Trump Could Use ‘Pocket Veto’ to Outrun Congress on Porky Stimulus Bill

Posted by on December 23, 2020 6:03 am
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Categories: David J. Harris NATIONAL HEADLINES

Due to delays in negations and a computer glitch that prolonged their work, Congress has actually backed themselves into a corner with their stimulus fantasy because President Donald J. Trump has the ability to wait out the Bill, without even having to veto it, thereby completely sidestepping any threats of veto-proof supermajorities. The calendar is quickly approaching the end of this Congress’s session on Dec 29th and starting a new and more Trump-friendly session, which starts 3rd.

One of the tools Trump cold use to deny the Congress their massive bill is a Constitutional Authority he has as President called “The Pocket Veto”.

According to US Senate.GOV, “pocket veto – The Constitution grants the president 10 days to review a measure passed by the Congress. If the president has not signed the bill after 10 days, it becomes law without his signature. However, if Congress adjourns during the 10-day period, the bill does not become law.”

Pergram wrote on Twitter:

The President did not outright say he will veto the coronavirus/government spending bill. But he very well could prevent it from being the law, via a pocket veto. Pocket vetoes are very rare. Congress has to be in the proper parliamentary posture for this possibility to be in play. But we could very well be in those circumstances now. Under Article I, Section 7 of the Constitution, the President has ten days (Sundays) excluded to either sign or veto a bill. Keep in mind that because of the massive nature of the combo bill, the bill has not even been enrolled yet and sent to the President.

But here’s where the pocket veto comes into play.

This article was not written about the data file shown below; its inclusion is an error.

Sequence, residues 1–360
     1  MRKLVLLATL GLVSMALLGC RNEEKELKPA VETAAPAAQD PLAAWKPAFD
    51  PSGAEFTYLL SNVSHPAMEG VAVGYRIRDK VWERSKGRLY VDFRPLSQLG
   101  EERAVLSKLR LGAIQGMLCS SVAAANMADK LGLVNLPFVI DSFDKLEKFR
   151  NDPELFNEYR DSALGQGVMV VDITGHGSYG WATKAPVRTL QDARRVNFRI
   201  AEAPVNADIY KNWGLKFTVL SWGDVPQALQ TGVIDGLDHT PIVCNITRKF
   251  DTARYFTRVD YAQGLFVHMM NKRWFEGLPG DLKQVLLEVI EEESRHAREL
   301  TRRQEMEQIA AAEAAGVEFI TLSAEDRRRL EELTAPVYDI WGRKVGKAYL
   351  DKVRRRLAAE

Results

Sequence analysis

The latest the current Congressional session can end is 11:59:59 am on January 3. That is the drop-dead time for the 116th Congress. A President may in effect “veto” a bill by keeping it in his “pocket” and not signing it if it comes too close to the end of a Congressional adjournment.

ongress must adjourn sine die (pronounced sy-nee DY, and is Latin, for leaving without a return date) no later than 11:59:59 pm et on January 3. In other words, Congress would have to get the President the bill by December 23 to prevent a pocket veto. Otherwise, the President could run out the clock on the Congressional session, effectively blocking any potential override attempt. The President would have to send it back to Capitol Hill with a veto.

If he failed to do so in the ten days/Sundays excluded window, then the bill would automatically become law. Note that the President did not outright threaten a veto. And, it’s unclear that the President’s demands could even pass the House and Senate. Moreover, you can’t “re-open” a bill like this for amendment. You can’t. It’s done. You have to start again. Here’s another problem. The government is currently operating on a seven-day interim spending bill.

Attached to the COVID bill is a $1.4 trillion spending package to fund the government through September 30, 2021. If the President vetoes the COVID/omnibus bill, or, if he fails to sign the bill by December 28, there is a government shutdown.

This scenario has the potential to get very interesting.

Also note that Congress really dragged its feet working this bill out at the end. The final products passed both chambers with overwhelming supermajorities. Well, above the two-thirds thresholds necessary to override a veto.

Had Congress comes to an agreement a few days earlier, the possibility of a veto or a pocket veto would not be in play. Congress could vote, in the waning moments of the 116th Congress, to override his veto on the coronavirus/omnibus bill.

But that didn’t happen. Negotiations lasted through the weekend. There was a computer glitch on Capitol Hill, which delayed the House and Senate from considering the bill. And here we are.

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